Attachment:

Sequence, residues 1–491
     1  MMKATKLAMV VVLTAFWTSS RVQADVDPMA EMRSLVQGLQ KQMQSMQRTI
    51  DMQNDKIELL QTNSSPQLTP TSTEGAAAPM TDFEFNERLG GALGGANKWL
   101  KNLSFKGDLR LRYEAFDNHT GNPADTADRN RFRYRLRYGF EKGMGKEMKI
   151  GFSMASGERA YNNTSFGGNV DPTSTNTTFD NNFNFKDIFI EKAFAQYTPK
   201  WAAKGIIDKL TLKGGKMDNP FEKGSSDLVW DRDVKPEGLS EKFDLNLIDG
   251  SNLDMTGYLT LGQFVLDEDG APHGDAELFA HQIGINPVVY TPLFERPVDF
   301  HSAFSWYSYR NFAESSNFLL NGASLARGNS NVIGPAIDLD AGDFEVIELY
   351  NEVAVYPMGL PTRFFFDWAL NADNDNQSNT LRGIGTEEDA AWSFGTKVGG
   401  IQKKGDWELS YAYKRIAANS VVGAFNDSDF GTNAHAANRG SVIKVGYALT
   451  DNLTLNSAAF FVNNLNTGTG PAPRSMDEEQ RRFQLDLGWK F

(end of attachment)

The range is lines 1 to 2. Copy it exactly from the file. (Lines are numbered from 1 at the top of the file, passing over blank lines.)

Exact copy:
Sequence, residues 1–491
     1  MMKATKLAMV VVLTAFWTSS RVQADVDPMA EMRSLVQGLQ KQMQSMQRTI